Recollected in tranquility

July 31, 2009

poetry

Over at Troutsky’s blog, I ran into a blogger named KulturCritic who is concerned that we, human beings, that is, have lost something valuable from our paleolitithic kin-relationship days and are the slaves of our own creation, the time-production-history schtick.  I like to make fun of him for being a wild-eyed utopian, but I share a bit of his sensibility, as any reader of my posts on the “International Work Machine” can tell.  Well, I found myself feeling more sympatico with his posts as I walked home from work on the sidewalks of lower Manhattan yesterday.

Wordsworth thought of  poetry as “the spontaneous overflow of emotion recollected in tranquility.”  I am no poet, so what can I do to communicate my occasional epiphanies?  Should I bother, or will I simply produce some tired, trite prose?  Brace yourself…

Why does anyone do anything, I often ask myself.  All the effort people expend, physical and emotional, on stuff, things I just can’t invest in.  People want to build something, or accumulate something, which is a sort of building, building a pile.  Money, power, sex, a string of lovers, an organization at your beck and call, an enormous portfolio of funds?  In the end…

What do they do with it?  How does it make them feel?  How would it make me feel?  You can only buy so much, and one thing at a time.  Eat one dinner, drink one wine, make love to one woman at a time.  (Even a menage requires attention to one at each separate moment.) When all is available to you, is there any thrill in acquisition?  When we grow old and feeble, do we look back on our glory days as manager-honcho and think, “Those were great days, they made me..,” what???  It just passes away.  It’s as if it never happened.

So, as Pascal might have pointed out, everything we do to accumulate is based on the illusion that things, in our lives, do accumulate, that there is more than the fleeting moment.  Really, everything we do is just motion and action to pass the time of day, divertissement, to make the trip from birth to death more pleasant.  Just as we might, if we care, try to make the lives of our pet dogs and cats pleasant.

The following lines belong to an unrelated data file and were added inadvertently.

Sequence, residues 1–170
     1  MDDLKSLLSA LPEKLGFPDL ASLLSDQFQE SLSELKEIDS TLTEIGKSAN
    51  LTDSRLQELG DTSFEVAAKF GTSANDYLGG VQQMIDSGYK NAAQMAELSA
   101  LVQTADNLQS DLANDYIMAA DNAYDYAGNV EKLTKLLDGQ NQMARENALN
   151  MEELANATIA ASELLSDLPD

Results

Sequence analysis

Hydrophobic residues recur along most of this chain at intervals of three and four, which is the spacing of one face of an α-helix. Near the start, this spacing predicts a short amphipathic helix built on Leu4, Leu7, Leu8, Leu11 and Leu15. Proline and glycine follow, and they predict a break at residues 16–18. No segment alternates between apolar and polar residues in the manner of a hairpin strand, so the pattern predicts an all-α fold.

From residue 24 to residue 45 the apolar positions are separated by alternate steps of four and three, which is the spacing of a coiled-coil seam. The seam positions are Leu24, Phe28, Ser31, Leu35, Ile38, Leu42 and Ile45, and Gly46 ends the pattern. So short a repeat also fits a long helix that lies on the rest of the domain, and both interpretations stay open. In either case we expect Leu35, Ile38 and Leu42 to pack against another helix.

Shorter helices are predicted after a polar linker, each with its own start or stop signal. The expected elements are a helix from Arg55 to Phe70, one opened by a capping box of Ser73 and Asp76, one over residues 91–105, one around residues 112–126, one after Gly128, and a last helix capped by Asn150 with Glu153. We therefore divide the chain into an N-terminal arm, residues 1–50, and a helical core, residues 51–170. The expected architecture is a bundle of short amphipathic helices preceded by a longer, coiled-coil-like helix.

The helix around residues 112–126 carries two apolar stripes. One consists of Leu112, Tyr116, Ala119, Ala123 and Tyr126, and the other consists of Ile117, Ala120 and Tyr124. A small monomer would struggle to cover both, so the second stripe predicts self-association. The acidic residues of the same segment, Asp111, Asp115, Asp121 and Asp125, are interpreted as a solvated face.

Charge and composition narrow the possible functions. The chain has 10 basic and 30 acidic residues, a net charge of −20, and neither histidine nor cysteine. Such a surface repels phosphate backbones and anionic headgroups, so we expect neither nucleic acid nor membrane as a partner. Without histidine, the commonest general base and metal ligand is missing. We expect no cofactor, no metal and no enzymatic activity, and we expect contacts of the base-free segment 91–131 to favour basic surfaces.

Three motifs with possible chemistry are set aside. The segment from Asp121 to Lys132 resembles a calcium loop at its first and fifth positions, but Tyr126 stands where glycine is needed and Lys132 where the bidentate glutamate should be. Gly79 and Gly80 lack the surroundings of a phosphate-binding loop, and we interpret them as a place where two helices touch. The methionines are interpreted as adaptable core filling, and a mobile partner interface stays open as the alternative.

This is no cause for despair or sadness – it’s just how it is.  Things like culture, art, literature, philosophy, which some see as having transcendent value are simply more “entertainments.” Most people live without them.  That is, everyone has culture, but not high culture, and what is culture in the general sense, other than a framework for helping us get through the day?

We might as well recognize this, and when we do, most things in our world seem pretty shallow and stupid, and what’s left to hang onto is the other people around us, the similarly lost souls, drifting on the sea of time, mindless of its true nature.  So we might as well be nice to one another.  We might as well expend our mental energy on fathoming the minds around us, instead of planning ahead, scheming, working, and building silly intellectual systems that pretend that there is some ultimate meaning to any of our ideas.  The future does not matter, in most essentials, it’s like the past.  The basic structure of life never changes.  Progress, or history in that sense, is a mistaken idea.

Is it easy to think these thoughts when I am comfortable and well fed?  Easier than being poor in this world, certainly.  But long ago, those ancient humans for whom acquiring food, clothing and shelter was not so simple…Maybe these thoughts came more easily to them since it was so obvious what was important.  Maybe the complexity we have created for ourselves has made it harder, globally, to think these thoughts.

Well, that’s what I thought, anyway, although it seemed more important at the time.  And below, you will find links to some related posts of mine, if you have more time to waste:


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